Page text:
REMIND CHILDREN:
  • Matches and lighters are dangerous and should not be touched by children
  • What an alarm sounds like, so they are not scared when they hear it
  • Not to hide from the fire
  • Stay low to the ground
  • To “Stop – Drop – and Roll” if clothing or hair catch fire
  • To stay in the “safe place” and not leave until an adult meets them
  • That an adult may be a fireman or policeman
  • To NOT return back to the home to save belongings

Remember to replace the batteries in your fire alarms even if you think they are still good! It may just save your lives!

Cover image by Flickr user Aberdeen Proving Ground, Creative Commons license.

Books to help your child learn to share

by Candice Wise, former Early Childhood Development Specialist and current Partnerships for Early Learners Inclusion Specialist

Llama llama time to shareThere comes a time when parents realize that one of the goals of parenting is to help their young child learn how to share with others.  There is no magical age that all children are willing to do this.  Some children will be willing to share at a very young age, while it takes others a little bit longer.  This can be somewhat alarming and frustrating for parents to understand when it is appropriate to expect their young child to share.  It may feel uncomfortable to hear your child grab and shout “Mine!” with siblings and/or peers on play dates.  When young children refuse to share their toys, they aren’t being selfish – they’re behaving typically.  Sharing is a skill that can take several years to develop.  Children struggling to share their possessions are common childhood experiences.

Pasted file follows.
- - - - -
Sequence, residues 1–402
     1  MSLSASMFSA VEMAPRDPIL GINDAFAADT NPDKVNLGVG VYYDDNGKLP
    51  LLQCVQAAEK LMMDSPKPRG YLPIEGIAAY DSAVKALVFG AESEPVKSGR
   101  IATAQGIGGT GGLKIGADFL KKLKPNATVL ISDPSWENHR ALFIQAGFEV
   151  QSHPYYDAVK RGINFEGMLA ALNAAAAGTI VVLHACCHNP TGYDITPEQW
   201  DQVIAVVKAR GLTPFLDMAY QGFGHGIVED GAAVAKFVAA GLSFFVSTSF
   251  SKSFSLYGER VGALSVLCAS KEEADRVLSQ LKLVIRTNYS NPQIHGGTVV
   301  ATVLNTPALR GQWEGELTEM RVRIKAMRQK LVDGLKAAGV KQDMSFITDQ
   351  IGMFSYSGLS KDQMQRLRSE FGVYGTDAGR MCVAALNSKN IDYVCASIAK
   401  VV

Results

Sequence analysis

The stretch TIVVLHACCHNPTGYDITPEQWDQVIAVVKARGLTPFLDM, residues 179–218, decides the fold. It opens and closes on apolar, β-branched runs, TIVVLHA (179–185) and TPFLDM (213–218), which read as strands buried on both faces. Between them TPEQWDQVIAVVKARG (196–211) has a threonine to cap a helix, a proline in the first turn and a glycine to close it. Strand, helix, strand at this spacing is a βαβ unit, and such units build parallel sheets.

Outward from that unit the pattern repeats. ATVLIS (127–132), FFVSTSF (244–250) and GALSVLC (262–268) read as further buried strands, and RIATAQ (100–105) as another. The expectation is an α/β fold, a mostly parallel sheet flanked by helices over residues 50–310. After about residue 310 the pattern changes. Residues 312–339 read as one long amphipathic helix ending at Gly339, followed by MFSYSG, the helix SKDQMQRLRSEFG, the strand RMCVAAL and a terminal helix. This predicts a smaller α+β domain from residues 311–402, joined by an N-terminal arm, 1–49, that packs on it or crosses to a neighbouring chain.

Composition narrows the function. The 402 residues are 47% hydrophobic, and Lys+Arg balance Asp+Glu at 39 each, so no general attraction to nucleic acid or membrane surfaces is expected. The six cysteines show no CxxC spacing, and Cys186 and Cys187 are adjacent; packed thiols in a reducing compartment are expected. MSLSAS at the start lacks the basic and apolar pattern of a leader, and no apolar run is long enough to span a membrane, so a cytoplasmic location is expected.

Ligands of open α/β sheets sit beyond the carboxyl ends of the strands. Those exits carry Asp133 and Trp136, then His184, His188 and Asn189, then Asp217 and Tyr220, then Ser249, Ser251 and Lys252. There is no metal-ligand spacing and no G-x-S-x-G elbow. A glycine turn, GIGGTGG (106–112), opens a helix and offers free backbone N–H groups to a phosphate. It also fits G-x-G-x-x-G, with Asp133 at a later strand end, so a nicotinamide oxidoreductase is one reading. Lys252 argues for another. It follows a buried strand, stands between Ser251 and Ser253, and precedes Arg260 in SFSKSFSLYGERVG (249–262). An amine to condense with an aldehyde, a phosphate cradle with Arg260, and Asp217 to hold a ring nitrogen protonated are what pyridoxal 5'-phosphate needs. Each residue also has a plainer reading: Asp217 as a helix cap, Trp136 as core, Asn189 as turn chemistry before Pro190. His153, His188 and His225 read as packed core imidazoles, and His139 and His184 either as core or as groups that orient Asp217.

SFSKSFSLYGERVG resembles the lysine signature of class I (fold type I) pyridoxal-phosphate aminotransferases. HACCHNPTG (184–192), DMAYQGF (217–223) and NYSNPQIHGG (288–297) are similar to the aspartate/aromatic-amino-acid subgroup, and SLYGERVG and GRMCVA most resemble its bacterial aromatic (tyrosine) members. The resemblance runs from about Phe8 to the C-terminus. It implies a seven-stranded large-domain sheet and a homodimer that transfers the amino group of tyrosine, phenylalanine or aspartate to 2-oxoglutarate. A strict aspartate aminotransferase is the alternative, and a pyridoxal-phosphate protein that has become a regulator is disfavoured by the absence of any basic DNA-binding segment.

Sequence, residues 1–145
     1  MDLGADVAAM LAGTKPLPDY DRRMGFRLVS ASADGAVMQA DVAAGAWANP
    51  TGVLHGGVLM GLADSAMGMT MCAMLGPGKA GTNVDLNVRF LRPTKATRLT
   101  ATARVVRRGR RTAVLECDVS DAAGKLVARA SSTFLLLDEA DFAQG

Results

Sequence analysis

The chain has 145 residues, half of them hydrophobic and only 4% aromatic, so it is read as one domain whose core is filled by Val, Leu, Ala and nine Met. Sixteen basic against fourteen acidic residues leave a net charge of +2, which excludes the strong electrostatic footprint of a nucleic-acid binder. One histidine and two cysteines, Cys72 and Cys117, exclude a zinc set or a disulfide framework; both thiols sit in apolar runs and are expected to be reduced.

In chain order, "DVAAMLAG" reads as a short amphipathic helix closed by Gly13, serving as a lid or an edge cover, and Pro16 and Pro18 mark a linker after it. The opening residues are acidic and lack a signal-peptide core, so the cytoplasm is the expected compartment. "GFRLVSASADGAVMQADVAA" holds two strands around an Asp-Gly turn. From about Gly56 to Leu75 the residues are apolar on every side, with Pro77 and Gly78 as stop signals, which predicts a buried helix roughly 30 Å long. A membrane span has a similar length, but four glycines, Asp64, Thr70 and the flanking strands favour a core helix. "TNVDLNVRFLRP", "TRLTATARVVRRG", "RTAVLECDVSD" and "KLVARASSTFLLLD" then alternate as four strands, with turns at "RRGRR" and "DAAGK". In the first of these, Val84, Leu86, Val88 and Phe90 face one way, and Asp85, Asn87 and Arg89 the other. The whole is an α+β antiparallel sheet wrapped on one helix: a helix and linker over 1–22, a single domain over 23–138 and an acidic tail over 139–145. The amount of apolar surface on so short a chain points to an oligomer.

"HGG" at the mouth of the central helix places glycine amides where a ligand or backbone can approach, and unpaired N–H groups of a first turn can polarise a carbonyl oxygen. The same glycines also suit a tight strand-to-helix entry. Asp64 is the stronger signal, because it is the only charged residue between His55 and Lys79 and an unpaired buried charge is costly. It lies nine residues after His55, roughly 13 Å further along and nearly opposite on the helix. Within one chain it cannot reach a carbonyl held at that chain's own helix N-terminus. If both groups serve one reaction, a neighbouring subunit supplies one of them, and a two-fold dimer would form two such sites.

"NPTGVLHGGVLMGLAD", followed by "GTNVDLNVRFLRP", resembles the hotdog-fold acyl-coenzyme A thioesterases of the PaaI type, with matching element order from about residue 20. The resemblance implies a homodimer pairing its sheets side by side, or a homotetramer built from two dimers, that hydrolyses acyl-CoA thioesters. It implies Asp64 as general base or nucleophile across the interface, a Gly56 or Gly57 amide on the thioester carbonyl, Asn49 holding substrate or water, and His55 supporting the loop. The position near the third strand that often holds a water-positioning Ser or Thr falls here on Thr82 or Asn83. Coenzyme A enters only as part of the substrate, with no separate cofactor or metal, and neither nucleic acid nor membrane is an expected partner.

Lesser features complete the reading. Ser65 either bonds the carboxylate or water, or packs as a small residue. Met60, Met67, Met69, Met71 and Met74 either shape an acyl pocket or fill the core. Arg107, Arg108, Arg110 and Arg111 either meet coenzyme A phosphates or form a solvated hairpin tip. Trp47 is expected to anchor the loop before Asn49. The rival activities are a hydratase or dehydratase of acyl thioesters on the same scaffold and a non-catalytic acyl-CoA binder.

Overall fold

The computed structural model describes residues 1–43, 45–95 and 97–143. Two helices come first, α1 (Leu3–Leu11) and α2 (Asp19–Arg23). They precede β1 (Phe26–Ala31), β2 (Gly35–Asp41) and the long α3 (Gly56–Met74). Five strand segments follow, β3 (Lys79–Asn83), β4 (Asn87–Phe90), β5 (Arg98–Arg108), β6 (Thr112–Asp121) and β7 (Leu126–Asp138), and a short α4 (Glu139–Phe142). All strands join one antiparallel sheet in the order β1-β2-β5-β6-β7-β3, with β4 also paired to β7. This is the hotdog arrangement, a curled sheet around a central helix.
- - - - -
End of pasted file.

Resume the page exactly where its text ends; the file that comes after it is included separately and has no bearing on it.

SHARE SOME “SHARING” BOOKS

One way you can help your child learn about sharing is through reading books about this topic.  Reading books about sharing will provide a fun and interactive bonding experience that will help your young child identify the importance and rewards of learning to share with others.  To make the most out of this experience, talk about the characters in the story and help your child identify how the characters solve conflict through the scenarios.  The following is a list of popular books that you can find at your local library or book store:

  • I Can Share by Karen Katz (Ages infant-5)
  • Llama Llama Time to Share by Anna Dewdney (Ages 2-5)
  • Mine! Mine! Mine! By Shelly Becker (Ages 3-5)
  • Mine! A Backpack Baby Story by Miriam Cohen (Ages Infant-2)
  • Sharing How Kindness Grows by Fran Shaw (Ages 3-5)
  • The Rainbow Fish by Marcus Pfister (Ages 3-8)

Cover image by Flickr user Blue Skyz Studios, Creative Commons license.

Hearing Loss and Language Development in Young Children

by Mindy Bennett, former Director of Programs of Child Care Answers and current Director of Family & Community Engagement Content Manager at Child Care Aware of America